The new US president promised tax cuts, deregulation and increased infrastructure spending, but Stefanie Eschenbacher
finds that multi-asset managers are becoming increasingly concerned he might overdo the economic stimulus.
Multi-asset fund managers were already largely positioned for an economic upturn in the US economy some months before Republican candidate Donald Trump was unexpectedly elected president last November.
The US economy had beaten growth expectations in recent months, wages had started to rise and unemployment had fallen almost to what is widely considered full employment.
In the immediate aftermath of the election, with investors expecting even more economic stimulus, the dollar and US equities rallied while US Treasuries declined.
Didier Saint-Georges, a member of the investment committee at Carmignac Gestion, said what was happening in the market now had been accelerated by the election outcome, but that it had started long before. “It is not all about Trump,” he said.
The main risk now is that Trump will deliver too much of what he promised – to “make America great again” – during his 18 months or so on the campaign trail.
“Investors had been hoping and waiting for this recovery, this cyclical recovery, for quite some time,” Saint-Georges said.
“They should be careful what they wish for.”
The US economy could eventually reach a point when the credit cycle is slowing, equity valuations are suddenly considered too high while inflation is on the rise. Saint-Georges said the markets, particularly the bond markets, were not priced for a significant recovery in inflation – and therefore in rates – and if bond yields rose too quickly, it could have a jarring effect on equities.
The US Federal Reserve Bank is already on the edge. In January this year, it warned that even though the economic stimulus promised by Trump could spur the US economy in the short term, it may lead to higher inflation and debt problems in the longer term – and that it may need to counteract this.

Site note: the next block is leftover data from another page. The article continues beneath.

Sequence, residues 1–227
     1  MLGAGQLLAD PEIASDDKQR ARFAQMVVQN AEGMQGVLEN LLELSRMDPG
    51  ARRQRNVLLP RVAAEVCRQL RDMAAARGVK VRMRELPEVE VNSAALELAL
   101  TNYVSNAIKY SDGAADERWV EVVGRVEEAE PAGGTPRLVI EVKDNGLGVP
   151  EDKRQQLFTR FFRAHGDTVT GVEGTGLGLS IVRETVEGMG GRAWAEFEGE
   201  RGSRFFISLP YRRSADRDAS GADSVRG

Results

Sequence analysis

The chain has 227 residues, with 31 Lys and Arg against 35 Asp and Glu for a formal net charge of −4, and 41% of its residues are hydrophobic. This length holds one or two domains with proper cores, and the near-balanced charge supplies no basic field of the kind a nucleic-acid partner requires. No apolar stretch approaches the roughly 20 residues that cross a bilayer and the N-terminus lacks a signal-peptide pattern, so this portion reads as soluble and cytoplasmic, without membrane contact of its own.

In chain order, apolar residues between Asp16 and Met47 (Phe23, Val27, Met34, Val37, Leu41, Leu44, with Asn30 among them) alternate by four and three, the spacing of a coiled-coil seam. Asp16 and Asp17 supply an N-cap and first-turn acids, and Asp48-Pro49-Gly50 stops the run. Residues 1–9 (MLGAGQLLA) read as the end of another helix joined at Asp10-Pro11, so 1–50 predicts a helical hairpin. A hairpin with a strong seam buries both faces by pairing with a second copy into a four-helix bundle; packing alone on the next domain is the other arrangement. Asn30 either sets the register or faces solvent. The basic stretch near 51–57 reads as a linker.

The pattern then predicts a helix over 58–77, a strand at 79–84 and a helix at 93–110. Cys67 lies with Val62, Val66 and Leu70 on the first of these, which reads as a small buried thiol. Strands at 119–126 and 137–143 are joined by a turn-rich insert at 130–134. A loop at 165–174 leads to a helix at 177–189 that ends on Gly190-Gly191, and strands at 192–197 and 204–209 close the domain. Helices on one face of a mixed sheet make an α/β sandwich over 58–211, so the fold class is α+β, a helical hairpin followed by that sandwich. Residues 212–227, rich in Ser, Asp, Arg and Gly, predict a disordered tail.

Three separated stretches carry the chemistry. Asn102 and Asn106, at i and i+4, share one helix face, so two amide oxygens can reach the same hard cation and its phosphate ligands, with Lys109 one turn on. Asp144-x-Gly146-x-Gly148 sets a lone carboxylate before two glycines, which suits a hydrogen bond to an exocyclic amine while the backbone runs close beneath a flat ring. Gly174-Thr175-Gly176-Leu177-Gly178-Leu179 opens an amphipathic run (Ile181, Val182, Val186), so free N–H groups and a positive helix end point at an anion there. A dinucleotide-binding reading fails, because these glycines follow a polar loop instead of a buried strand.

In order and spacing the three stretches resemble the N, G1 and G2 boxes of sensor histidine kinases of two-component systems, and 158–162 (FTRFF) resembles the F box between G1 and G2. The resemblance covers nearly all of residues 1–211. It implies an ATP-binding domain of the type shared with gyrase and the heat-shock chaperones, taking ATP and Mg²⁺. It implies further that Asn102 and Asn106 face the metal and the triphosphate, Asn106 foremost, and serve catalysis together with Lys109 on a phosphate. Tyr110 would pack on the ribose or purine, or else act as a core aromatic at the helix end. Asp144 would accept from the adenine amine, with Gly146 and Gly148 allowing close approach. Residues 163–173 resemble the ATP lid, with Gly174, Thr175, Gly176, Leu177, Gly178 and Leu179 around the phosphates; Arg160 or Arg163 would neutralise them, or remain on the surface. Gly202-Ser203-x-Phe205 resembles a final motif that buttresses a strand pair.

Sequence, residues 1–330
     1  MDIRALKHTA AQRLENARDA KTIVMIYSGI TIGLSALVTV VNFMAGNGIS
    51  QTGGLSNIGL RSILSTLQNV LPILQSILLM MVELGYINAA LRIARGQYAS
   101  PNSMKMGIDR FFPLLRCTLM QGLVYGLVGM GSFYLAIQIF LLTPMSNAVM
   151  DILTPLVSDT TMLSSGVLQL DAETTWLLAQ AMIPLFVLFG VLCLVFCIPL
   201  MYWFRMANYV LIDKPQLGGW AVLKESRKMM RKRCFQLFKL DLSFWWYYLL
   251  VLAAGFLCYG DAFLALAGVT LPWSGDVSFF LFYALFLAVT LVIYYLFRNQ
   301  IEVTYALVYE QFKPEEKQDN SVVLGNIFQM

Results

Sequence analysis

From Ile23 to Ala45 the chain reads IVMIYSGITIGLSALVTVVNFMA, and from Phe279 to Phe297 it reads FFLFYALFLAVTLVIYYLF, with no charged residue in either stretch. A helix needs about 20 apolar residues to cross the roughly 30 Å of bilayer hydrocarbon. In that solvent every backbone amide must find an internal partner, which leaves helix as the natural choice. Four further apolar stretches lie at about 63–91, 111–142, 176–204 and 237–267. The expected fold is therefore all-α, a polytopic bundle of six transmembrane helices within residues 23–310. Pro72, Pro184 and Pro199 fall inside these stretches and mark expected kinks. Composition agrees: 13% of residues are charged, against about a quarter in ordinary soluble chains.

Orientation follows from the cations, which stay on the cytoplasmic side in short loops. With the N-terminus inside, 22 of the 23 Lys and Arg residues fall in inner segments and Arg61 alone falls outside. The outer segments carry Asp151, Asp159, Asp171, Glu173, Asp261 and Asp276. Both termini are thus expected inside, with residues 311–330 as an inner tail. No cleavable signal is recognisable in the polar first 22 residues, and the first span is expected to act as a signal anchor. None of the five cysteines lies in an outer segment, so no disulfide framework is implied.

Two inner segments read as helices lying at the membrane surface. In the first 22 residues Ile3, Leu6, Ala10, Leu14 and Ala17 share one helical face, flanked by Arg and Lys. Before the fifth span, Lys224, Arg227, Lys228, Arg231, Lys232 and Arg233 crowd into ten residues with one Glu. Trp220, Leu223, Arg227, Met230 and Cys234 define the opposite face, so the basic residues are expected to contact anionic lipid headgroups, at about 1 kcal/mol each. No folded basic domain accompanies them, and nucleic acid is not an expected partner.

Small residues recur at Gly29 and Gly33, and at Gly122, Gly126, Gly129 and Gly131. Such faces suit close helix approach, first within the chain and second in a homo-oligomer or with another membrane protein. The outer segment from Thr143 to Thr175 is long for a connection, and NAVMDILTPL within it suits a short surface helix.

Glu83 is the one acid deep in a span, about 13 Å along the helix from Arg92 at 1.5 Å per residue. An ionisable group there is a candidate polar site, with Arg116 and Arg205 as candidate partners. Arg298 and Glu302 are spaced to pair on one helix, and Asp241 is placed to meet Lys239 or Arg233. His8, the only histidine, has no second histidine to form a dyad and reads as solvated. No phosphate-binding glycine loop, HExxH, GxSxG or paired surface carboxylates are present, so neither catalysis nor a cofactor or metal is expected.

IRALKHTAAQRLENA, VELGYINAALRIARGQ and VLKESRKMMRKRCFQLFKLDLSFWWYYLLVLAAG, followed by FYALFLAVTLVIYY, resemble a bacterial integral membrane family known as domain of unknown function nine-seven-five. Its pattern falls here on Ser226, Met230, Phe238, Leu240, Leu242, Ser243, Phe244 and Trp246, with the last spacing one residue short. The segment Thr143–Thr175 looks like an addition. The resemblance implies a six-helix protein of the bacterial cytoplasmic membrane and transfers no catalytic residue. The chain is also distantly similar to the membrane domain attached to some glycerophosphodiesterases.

Carmignac Gestion remains invested in US equities, but Saint-Georges said the team was becoming more and more cognisant of the limits to the economic recovery – or ‘Trumponomics’, as he put it – seen since the election.
“Trumponomics could generate its own antidotes in the form of inflation, higher interest rates and more hawkish central banks that would trigger the end of the equity rally some time in the middle of this year,” he said.
“We are not positioned for it now, but we are getting more and more ready for it.”
Interest rates have been at or near an all-time low since the global financial crisis, which had fuelled concerns over structural problems. Those concerns were not shared by everyone, though.
LIFTED BY ENTHUSIASM
Shoqat Bunglawala, who heads the multi-asset business for Europe, the Middle East and Africa, Asia-Pacific excluding Japan at Goldman Sachs Asset Management, said the outcome of the US election and the enthusiasm of investors had simply accelerated a cyclical recovery that had already been underway.
“The market had underpriced the level of growth that we have experienced,” he added. “It was overly pessimistic.”
He said his team had started repositioning the portfolio to capture an economic recovery in Europe, which he said was typically behind the US economic cycle.
The multi-asset solutions team at Russell Investments is also increasingly thinking about inflation. David Vickers, a senior portfolio manager, said US equities were already looking expensive amid valuations last reached during the technology boom.
“We have peak margins in the US and we think these peak margins have been driven by low interest rates and low wages, both of which are turning a corner,” he said.
“Wage inflation is already coming through and interest rates are clearly on the rise… there is going to be margin pressure, which is going to lead to earnings pressure.”
Vickers said he now spends more time thinking about the downside risk in the US economy, increasingly convinced there is little room for US equities to rally further.
“Every day I wake up and hope that every other person in the equity market believes that equity markets are still appropriately valued today. That can change quickly in an uncertain environment.”
There are multi-asset managers who believe the US equity market has still further to go. Nathan Sweeney, who manages the Architas Multi-Asset Active range of funds at Architas, said the US was actually in a mid-market slowdown but on the cusp of breaking out.
He said companies had been all about cutting costs and avoiding risks since the global financial crisis, but the question was whether the new wave of populism would change that.
“It was all about austerity, but I have not heard that word for a long time. Now they are talking about growth, they are talking about infrastructure, cutting taxes, a language that CEOs and CIOs understand – [and] the more they hear that, the more likely they are to increase spending and stop cutting costs.”
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